Where is the earthworm?

No one should have gotten fired for this – because it is HILARIOUS! I couldn’t find the original but there were excerpts of this article here and there. You can find this story in an earth worm website. Happy April Fools Day and beware what you believe!

A Long, Tall Texas Tale


American Journalism Review

By Yleana Martinez

The Morning Times of Laredo, Texas published a story in March 1993 about a 300-lb, 79-foot earthworm that had townspeople rushing to the storage location to see the body. Unfortunately, the story was a hoax which cost the job of the reporter under whose byline the story appeared and caused the editor who approved the story to leave as well. The reporter, Carol Huang, is now working as a freelancer, but regrets not having worked harder to keep her job.

There were no aliens involved, just a dead 79-foot earthworm, but something of a “War of the Worlds’ concern still gripped the border town of Laredo, Texas, in early March after the Morning Times reported the worm’s appearance.

The 200-word story said that frustrated commuters called police that morning after being unable to drive around the 300-pound worm, described by one motorist as “a grey, fat, rubbery thing.” A Laredo State University entomologist, Dr. Luis Leacky, pointed out a sticky trail of mucus along Interstate 35 and surmised that the mutant had emerged from the polluted Rio Grande. U.S. Border Patrol agents, assisted by Laredo police officers wearing rubber gloves, used two cranes and an 18-wheeler to remove the carcass, according to the paper.

That day, Bill Green, publisher of the Hearst-owned Morning Times, dismissed the reporter who wrote the tale. The editor who allowed it to see print also left the paper, although he won’t say why. (The publisher would only say the two “no longer work here.”) The next morning, Green signed a front page apology to readers on both sides of the border–as well as the Border Patrol, the Laredo Police department and Laredo State University, home of the fictitious Dr. Leacky.

Reporter Carol Huang, 27, says she dashed the story off as a joke after being put on hold during a phone interview. It wasn’t the first time she had composed fake stories on her computer to amuse herself, she says. This time, however, she shared it with a newsroom colleague.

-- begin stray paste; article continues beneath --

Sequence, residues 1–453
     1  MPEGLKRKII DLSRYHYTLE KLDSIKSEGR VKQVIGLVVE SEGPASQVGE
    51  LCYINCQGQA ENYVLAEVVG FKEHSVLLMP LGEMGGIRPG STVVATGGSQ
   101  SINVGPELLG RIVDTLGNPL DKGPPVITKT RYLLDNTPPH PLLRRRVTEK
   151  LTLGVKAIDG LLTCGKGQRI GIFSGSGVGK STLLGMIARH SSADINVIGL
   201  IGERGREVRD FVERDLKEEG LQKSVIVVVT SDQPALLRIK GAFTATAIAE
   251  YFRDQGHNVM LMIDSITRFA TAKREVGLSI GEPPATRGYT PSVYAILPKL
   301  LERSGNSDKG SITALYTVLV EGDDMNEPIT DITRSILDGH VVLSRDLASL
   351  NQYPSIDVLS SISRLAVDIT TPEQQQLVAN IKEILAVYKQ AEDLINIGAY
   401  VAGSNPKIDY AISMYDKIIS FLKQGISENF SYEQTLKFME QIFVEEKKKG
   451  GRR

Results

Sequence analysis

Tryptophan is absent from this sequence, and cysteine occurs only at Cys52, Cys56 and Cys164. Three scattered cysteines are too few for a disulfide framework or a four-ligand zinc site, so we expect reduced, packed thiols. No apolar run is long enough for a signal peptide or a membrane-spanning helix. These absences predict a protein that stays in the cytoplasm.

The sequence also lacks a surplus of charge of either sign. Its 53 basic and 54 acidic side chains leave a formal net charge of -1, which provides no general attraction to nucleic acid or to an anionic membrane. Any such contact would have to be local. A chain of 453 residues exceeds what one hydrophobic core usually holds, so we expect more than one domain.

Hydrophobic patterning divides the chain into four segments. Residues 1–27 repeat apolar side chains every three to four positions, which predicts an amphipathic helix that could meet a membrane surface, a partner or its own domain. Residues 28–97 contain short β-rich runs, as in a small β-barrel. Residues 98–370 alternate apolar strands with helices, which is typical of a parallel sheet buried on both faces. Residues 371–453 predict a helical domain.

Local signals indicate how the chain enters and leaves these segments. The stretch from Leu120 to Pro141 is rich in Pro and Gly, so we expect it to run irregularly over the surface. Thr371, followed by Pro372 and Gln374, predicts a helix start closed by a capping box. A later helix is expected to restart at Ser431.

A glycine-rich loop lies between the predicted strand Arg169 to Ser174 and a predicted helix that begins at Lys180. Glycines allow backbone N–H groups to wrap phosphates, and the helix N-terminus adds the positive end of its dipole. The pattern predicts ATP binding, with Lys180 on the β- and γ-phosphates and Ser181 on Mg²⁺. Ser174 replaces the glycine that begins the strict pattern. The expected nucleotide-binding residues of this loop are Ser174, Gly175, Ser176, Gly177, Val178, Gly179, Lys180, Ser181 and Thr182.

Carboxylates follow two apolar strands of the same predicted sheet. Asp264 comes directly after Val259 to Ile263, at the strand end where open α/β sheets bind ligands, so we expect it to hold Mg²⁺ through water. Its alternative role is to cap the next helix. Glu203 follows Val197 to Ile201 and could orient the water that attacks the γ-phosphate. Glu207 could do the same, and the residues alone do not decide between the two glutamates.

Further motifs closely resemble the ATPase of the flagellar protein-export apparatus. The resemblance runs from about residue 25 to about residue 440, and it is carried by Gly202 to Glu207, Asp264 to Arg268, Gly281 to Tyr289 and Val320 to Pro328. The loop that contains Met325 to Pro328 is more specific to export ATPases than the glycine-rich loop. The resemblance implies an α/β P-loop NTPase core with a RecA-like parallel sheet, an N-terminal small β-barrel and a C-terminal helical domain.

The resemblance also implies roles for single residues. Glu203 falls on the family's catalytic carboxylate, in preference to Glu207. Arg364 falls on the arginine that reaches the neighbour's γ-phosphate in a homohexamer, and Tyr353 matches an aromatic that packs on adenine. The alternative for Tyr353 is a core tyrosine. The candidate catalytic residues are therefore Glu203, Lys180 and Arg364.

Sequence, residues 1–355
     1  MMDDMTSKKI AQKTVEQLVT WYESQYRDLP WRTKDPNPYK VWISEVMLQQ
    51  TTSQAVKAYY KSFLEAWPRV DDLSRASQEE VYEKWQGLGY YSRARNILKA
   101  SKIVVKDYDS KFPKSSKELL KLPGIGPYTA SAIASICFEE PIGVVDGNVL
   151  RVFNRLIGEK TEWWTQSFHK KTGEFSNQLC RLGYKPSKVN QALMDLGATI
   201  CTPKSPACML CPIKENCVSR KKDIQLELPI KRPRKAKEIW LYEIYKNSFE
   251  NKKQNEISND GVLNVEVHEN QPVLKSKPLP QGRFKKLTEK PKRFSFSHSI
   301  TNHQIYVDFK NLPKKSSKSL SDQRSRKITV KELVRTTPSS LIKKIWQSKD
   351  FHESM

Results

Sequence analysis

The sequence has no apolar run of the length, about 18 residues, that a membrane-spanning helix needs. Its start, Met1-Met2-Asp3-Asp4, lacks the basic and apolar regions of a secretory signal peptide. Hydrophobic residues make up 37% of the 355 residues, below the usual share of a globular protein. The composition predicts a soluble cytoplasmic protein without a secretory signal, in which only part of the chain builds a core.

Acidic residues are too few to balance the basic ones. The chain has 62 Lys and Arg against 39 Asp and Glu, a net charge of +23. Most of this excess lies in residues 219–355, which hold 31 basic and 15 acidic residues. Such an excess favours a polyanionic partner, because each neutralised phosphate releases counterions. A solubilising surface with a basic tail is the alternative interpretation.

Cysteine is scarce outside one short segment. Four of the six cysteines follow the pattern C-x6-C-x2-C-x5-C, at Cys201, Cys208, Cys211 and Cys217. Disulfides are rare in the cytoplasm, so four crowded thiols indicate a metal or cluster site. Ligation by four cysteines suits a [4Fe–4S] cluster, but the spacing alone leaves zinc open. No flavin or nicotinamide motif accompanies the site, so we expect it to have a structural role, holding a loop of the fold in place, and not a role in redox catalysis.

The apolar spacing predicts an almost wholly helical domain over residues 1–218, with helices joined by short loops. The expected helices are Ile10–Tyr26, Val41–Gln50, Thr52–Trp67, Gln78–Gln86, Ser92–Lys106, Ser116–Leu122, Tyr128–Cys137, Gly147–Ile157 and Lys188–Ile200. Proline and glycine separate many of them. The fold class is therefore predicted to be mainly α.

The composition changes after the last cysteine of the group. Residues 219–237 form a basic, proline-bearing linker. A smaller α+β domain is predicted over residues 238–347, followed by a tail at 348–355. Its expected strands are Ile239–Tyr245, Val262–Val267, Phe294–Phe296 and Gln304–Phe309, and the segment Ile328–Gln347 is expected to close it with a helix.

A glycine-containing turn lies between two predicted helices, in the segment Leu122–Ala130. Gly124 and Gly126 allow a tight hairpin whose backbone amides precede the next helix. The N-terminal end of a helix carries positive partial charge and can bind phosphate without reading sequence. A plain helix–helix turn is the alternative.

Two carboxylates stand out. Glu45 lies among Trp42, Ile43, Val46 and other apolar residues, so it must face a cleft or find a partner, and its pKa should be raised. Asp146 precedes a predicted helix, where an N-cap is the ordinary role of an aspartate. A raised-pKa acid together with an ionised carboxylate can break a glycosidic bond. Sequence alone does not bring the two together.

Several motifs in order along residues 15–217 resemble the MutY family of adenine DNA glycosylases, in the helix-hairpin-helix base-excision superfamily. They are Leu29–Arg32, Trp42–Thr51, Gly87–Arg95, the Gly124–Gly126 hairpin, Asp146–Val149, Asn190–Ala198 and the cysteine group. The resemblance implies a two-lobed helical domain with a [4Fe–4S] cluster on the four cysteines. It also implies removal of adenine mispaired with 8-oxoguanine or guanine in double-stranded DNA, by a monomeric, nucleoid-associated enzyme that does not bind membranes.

When it appeared a few days later on page 3A of the Morning Times under the headline, “Agents recover huge carcass’ and her byline, Huang says she was stunned. “I knew right away I was in trouble.”

Tom Sanchez, the news editor who signed off on the story and who now hosts a daily talk show on a local radio station, says it was printed “by accident” but wouldn’t comment further or explain who had written the headline or placed Huang’s name on the piece. Says Green, “I know this much: He had the story for 24 hours. He did not consult with the writer or another editor. It is inexplicable.”

What caused many of the city’s 130,000 residents to run to their cars was Huang’s final paragraph. “Because federal environmental guidelines do not outline the proper disposal method for large, earthworm carcasses,” she wrote, “authorities have left the creature in the Target store parking lot until Monday, when zoologists and EPA officials are expected to arrive from Washington.”

Local law officers say they received hundreds of calls. A Texas A&M University scientist notified the Morning Times he was ready rush to the scene with a van loaded with technical equipment. At the parking lot, located across the street from Border Patrol offices, curiosity seekers arrived in droves. Says Alfonso Moreno, a Border Patrol spokesman, “There was a lot of commotion, cars going in and out of there, looking for the worm.”

Jose Esqueda, the KGNS-TV chief photographer who drove to the lot in a station car to film traffic for a story on the hoax, soon found 15 cars following him. He says puzzled drivers would catch his eye and shrug, as if to say, “Where is it?” When Esqueda returned a few hours later, he found a batch of curious firefighters circling their truck ahead of what he describes as “a little worm” of tailgaters.

One Target employee says that people knocked on the store’s windows even before it had opened “asking if we had [the worm] in the building.” Huang, now freelancing and having second thoughts about whether she fought hard enough to keep her job, says the hubbub taught her a hard lesson about the power of the press. “I realized, definitely,” she says, “that people read the newspaper and believe what they read.”

Martinez, a Laredo native whose first journalism job was as a Morning Times proofreader in 1976, is a freelance writer based in Cambridge, Massachusetts.

About Que Fregados

Que Fregados is a quirky look at little things that strike us funny in Laredo and the unique Latino culture. Suggestions and comments are welcome. You can also email to quefregados@gmail.com.
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5 Responses to Where is the earthworm?

  1. emgee says:


  2. MaryHelen says:

    LOL! My husband still “celebrates” the anniversary of that earthworm hoax. It’s a great story; unfortunately, someone had to pay the price. :o/

    Great topic for April Fool’s Day!

  3. Alfonso says:

    Yes, it is something that will never be forgotten. Definately the highlight of my public affair days.

  4. JMichael says:

    What the story above leaves out it that Carol forwarded the story to an editor not mentioned, just to share the joke. He was the one that sent it to the “publish” queue, that put it in Sanchez’s hands. He wasn’t fired, but left the paper shortly thereafter for various jobs in the Laredo broadcast media. He’s currently working in broadcast media in San Antonio.

    I started working at LMT just a few months after the notorious Earthworm Incident.


  5. Pingback: Siren alert – el Tragón is loose | Que Fregados

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